The Victorian government has already shown a keen understanding of the issues and shown leadership on this front through the Virtual Centre for Climate Change Innovation

In 2017 the Andrews government established a $4.3 million Victorian Climate Change Innovation Partnerships (VCCIP) Grant Scheme to provide start-up funding to community groups, local councils, businesses, for the development of innovative solutions to the challenges of climate change.

The VCCIP grant scheme unearthed strong demand for state government investment in climate change projects. The scheme received more than 240 applications. The VCCIP grant scheme is dramatically oversubscribed. The 240+ applications represent a request up to $72 million yet the $4.3 million scheme could only support 24 projects. (The community of Tarnagulla was one of the lucky applicants).

Another state government initiative to enhance Victoria’s capacity to cut emissions in the electricity sector—the $20 million New Energy Jobs Fund (NEJF)—has also seen strong demand. Round one saw 24 projects receive funding of $5.9 million, and round two, 21 projects receive $6.8 million. The third round is currently underway.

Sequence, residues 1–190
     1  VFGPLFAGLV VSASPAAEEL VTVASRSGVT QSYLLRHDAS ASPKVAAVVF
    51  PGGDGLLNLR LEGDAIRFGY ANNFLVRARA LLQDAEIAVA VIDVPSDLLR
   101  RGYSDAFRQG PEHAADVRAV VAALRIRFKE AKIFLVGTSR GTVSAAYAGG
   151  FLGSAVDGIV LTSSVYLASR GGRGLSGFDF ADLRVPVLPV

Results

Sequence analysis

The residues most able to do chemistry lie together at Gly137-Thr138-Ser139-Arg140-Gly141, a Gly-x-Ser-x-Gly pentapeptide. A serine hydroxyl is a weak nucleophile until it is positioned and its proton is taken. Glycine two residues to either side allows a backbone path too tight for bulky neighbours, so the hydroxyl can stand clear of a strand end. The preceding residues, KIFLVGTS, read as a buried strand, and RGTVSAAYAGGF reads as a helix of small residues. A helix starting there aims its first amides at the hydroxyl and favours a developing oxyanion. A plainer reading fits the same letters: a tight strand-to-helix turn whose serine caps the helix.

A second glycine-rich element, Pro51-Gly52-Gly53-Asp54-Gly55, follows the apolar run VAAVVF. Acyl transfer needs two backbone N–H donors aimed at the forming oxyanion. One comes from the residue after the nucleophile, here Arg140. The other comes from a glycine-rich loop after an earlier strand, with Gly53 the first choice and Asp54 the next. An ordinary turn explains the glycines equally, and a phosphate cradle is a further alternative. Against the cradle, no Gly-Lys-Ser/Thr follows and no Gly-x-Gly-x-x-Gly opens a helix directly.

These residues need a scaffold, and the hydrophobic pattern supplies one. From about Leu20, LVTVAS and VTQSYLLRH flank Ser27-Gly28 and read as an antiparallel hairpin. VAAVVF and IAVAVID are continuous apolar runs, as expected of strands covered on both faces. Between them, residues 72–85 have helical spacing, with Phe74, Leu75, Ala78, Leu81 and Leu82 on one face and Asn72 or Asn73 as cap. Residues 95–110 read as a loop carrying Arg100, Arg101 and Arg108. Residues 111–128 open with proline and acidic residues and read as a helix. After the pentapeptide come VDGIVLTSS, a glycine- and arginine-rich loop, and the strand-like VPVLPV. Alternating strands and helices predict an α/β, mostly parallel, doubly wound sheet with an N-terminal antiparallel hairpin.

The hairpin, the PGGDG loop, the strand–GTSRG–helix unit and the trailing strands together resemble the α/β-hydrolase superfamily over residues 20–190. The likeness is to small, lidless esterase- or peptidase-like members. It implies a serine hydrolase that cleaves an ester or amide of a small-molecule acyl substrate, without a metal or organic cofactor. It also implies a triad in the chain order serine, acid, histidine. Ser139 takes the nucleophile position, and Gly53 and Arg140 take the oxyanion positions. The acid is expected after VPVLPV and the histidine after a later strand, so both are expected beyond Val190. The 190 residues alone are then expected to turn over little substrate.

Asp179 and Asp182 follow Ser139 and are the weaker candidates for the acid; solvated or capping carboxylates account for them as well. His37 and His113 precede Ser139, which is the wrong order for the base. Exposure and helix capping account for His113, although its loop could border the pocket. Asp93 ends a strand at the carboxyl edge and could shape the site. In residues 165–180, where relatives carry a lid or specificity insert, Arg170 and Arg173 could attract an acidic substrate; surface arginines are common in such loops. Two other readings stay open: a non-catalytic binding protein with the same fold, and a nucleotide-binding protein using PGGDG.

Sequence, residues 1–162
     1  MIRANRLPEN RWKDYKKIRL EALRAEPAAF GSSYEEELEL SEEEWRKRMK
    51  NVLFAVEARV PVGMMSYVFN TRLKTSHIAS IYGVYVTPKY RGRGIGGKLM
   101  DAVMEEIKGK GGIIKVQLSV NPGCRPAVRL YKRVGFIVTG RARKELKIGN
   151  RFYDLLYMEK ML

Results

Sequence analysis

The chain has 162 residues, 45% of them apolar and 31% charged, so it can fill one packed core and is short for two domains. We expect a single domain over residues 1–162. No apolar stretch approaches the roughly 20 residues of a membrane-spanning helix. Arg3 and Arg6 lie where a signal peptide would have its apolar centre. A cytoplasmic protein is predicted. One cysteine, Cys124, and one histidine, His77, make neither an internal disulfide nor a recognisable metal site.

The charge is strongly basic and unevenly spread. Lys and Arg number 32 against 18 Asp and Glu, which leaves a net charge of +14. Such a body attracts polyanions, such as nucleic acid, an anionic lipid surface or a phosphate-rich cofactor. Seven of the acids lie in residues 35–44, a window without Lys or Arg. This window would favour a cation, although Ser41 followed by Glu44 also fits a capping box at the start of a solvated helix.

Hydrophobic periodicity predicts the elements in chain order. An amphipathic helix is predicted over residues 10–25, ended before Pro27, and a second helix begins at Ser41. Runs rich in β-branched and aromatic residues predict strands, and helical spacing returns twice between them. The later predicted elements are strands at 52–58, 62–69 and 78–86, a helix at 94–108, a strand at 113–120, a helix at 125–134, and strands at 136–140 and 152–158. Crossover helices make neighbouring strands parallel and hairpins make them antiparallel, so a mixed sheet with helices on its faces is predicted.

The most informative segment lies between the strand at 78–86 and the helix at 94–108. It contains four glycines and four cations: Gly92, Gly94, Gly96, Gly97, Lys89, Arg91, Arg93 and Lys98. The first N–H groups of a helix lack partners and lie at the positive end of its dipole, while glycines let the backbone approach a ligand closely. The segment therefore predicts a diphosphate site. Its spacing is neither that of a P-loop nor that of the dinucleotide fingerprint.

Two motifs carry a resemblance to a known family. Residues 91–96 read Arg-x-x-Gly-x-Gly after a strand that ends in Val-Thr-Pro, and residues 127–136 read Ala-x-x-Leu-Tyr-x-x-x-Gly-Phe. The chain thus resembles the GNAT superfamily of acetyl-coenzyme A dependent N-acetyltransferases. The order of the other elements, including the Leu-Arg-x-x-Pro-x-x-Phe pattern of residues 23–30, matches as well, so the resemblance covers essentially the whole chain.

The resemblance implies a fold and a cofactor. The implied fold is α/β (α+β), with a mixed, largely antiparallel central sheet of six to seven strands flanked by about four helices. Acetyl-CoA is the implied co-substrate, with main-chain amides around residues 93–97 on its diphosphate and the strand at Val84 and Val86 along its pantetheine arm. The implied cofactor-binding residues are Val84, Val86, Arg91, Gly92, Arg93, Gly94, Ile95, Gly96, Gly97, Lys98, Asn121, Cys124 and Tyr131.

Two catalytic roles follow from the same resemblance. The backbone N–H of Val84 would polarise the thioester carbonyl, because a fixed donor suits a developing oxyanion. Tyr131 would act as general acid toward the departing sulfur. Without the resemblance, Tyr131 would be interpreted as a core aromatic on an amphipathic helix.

Victoria Needs a Devoted Climate Change Action Fund:

Friends of the Earth have called on the state government build on the successful Victorian Climate Change Innovation Partnerships (VCCIP) Grant Scheme and New Energy Jobs Fund (NEJF) by establishing a Victorian Climate Change Action Fund (VCCAF) of at least $100 million.

The fund would provide funding for community, business, local government, and non-government organisation initiatives to cut greenhouse gas emissions and enhance resiliency to climate change impacts.

The Victorian Climate Change Action Fund could distribute grants in yearly rounds following the approach taken to the New Energy Jobs Fund.  

Looking for Govt Leadership on Climate Change:

Community members concerned about climate change impacts would welcome a public commitment from the Andrews government to a $100 million Victorian Climate Change Action Fund.

Friends of the Earth will be engaging with all political parties, community groups, and other stakeholders to build strong backing for a Victorian Climate Change Action Fund in the lead up to the November election.